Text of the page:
There can also be a gulf between how students use technologies like social media in their personal lives, and whether they feel they can mobilise those skills in their learning and teaching. Engagement with social media platforms involves creativity, crafting impactful messages, and moderate technical capability. Yet students don’t always see these as transferable skills that they could hone and develop as part of their university experience.
I wouldn’t necessarily argue that students’ learning and teaching experience should be just like their consumer experiences on platforms like Netflix – it’s important that students are able to be thoughtful and critical about how they are using technology to enhance their learning and not merely see their learning as an extension of their lives as digital consumers.
But I do think there should be some joined-up thinking about what’s expected of academics in terms of using digital technology in learning and teaching, what skills students will need to be able to engage with that effectively – especially in establishing good practice around building skills for independent learning and their future employability – and the ways that the physical estate of the university supports those aspirations. It’s all very well to build use of generative AI into classroom settings – but not if there aren’t sufficient charging points in those classrooms to enable students to participate, or readily available sources of advice and support for those students who need a boost to their confidence or skills to engage with digital technologies.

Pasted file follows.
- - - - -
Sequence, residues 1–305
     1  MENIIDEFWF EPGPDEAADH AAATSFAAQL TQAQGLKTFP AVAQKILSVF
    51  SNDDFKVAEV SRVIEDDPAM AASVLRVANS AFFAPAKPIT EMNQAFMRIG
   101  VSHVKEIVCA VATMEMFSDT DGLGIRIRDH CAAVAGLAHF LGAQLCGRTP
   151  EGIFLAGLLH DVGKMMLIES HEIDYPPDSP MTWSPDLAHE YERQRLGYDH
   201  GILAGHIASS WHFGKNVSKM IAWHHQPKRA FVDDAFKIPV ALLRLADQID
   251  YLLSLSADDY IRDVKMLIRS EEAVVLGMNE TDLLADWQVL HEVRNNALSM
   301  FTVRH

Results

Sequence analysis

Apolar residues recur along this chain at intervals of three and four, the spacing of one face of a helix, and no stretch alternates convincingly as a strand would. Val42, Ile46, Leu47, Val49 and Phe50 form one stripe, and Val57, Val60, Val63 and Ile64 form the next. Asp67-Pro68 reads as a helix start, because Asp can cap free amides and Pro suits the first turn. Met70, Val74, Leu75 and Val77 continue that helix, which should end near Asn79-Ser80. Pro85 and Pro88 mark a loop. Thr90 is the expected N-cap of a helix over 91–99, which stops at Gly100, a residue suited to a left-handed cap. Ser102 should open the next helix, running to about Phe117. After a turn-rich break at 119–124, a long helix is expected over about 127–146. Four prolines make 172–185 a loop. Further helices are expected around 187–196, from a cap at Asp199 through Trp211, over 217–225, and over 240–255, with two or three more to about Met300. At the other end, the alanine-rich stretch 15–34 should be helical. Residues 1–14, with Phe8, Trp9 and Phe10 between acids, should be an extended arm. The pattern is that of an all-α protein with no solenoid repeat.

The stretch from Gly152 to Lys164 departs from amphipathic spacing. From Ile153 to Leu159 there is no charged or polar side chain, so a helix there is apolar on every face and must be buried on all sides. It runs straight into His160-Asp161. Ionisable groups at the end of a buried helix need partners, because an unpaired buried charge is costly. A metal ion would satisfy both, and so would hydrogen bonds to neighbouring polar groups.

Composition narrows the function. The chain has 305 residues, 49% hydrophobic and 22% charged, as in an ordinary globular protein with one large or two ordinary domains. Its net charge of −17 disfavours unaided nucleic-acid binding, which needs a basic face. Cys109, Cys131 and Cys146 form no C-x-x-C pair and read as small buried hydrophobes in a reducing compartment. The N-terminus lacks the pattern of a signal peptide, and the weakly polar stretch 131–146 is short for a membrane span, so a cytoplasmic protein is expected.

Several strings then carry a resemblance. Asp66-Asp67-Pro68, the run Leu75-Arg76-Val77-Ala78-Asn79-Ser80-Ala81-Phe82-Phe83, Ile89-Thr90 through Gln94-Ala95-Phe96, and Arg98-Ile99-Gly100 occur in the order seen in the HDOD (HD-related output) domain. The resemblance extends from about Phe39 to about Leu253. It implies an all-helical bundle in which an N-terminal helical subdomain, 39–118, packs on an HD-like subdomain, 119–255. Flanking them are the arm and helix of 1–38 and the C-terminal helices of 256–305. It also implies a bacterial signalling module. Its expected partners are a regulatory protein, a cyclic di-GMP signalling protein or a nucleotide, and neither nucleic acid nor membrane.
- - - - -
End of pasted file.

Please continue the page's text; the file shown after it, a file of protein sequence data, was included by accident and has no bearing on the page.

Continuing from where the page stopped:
Providing students with access to devices and giving them a crash course on accessing the VLE and other university-mandated platforms is a good start, but universities are going to have to go further, in partnership with students, to really map out a holistic student support journey for digitally enhanced learning and teaching.
This article is published in association with Kortext as part of a suite on the theme of universities deploying technology for learning, teaching, and student success. You can download the full report of the survey findings and leaders’ insight over on Kortext’s website here.